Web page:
Health in Criminal and Juvenile Justice Policy
Monday, November 2, 2015: 10:30 a.m. - 12:00 p.m.
There is a growing recognition within the criminal justice system, especially those areas that interact with children and youth, that heath and developmental factors must be acknowledged and considered in both practice and policies. Two areas of health that have been of particular interest to criminal justice practitioners and leaders are: the impact of early trauma and exposures to violence on brain development, behavior and the risk for involvement with the criminal justice system, and the growing understanding of the importance of physical, emotional, and neurological development during adolescence on risk for involvement in violence and other criminal behaviors. Increasingly the science that is advancing the understanding of these two issues is influencing the thinking in the criminal justice system and this is clearly evidenced in several signature programs that are currently present in the US Department of Justice/Office of Justice Programs, Defending Childhood and the National Forum for Youth Violence Prevention.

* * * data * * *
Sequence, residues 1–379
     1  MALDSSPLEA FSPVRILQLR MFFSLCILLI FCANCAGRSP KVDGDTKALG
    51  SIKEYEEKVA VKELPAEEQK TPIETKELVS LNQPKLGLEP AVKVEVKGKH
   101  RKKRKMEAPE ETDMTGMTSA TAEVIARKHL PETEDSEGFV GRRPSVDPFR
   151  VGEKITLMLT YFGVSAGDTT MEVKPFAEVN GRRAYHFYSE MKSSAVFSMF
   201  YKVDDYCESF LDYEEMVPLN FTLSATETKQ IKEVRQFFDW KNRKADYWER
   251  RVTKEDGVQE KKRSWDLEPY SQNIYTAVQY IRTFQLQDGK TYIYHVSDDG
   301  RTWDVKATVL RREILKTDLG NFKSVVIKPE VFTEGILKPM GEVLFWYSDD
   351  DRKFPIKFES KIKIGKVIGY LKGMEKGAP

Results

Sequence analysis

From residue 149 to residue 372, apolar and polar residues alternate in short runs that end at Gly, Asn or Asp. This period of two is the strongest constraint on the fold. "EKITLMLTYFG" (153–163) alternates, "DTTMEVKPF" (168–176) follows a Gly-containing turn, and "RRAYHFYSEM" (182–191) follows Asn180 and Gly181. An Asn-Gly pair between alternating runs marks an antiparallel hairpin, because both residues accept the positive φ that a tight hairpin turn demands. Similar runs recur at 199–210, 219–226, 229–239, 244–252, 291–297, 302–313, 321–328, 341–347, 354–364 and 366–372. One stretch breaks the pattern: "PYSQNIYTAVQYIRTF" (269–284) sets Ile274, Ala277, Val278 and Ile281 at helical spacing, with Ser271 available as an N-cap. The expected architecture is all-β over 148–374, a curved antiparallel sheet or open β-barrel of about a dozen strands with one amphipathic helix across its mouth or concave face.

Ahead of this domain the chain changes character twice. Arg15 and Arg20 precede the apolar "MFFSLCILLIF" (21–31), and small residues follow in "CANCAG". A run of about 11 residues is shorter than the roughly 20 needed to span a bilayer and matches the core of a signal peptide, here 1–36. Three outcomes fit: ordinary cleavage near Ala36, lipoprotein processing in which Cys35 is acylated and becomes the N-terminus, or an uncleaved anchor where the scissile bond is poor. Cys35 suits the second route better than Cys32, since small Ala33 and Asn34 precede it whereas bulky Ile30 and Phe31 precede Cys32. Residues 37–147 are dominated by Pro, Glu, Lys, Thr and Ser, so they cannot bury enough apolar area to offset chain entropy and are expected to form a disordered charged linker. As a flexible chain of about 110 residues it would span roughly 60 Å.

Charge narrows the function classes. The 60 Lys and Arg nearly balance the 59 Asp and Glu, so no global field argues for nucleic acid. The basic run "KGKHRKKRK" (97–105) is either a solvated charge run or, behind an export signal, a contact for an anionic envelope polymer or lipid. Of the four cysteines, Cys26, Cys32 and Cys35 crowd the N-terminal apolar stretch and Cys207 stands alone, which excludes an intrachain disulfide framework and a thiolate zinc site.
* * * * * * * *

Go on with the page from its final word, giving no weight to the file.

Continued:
Three leaders from the Office of Justice Programs will participate in this session presenting the health and public health issues relevant to criminal justice policy followed by discussions of how these issues have influenced and been integrated into juvenile justice programs/policy and into the broad federal interagency initiative addressing youth violence in urban centers.
Session Objectives: 1. Describe the implications of early exposure to trauma on the risk for involvement with the criminal justice system.
2. Identify the developmental issues occurring during adolescence that have implications for juvenile justice policy.
3. Discuss the manner in which an understanding of health and developmental issues of childhood and adolescence have influenced criminal justice policy and practice.
See individual abstracts for presenting author's disclosure statement and author's information.
Organized by: APHA-Special Sessions
Endorsed by: Injury Control and Emergency Health Services
Medical (CME), Health Education (CHES), Nursing (CNE), Public Health (CPH)